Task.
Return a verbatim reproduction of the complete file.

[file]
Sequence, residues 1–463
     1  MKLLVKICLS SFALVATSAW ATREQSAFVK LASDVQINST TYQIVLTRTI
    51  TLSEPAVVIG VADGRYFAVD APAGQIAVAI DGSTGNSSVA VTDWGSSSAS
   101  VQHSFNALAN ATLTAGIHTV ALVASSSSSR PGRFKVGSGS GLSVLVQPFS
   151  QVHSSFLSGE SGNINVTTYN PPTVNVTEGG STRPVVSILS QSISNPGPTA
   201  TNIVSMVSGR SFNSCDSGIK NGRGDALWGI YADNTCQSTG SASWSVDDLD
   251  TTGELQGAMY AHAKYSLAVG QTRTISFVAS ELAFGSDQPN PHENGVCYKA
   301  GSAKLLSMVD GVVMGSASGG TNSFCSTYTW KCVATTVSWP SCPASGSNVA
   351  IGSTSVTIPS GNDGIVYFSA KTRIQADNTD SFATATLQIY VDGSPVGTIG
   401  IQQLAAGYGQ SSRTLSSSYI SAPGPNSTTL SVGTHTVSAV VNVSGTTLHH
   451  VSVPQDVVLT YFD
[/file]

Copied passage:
Sequence, residues 1–463
     1  MKLLVKICLS SFALVATSAW ATREQSAFVK LASDVQINST TYQIVLTRTI
    51  TLSEPAVVIG VADGRYFAVD APAGQIAVAI DGSTGNSSVA VTDWGSSSAS
   101  VQHSFNALAN ATLTAGIHTV ALVASSSSSR PGRFKVGSGS GLSVLVQPFS
   151  QVHSSFLSGE SGNINVTTYN PPTVNVTEGG STRPVVSILS QSISNPGPTA
   201  TNIVSMVSGR SFNSCDSGIK NGRGDALWGI YADNTCQSTG SASWSVDDLD
   251  TTGELQGAMY AHAKYSLAVG QTRTISFVAS ELAFGSDQPN PHENGVCYKA
   301  GSAKLLSMVD GVVMGSASGG TNSFCSTYTW KCVATTVSWP SCPASGSNVA
   351  IGSTSVTIPS GNDGIVYFSA KTRIQADNTD SFATATLQIY VDGSPVGTIG
   401  IQQLAAGYGQ SSRTLSSSYI SAPGPNSTTL SVGTHTVSAV VNVSGTTLHH
   451  VSVPQDVVLT YFD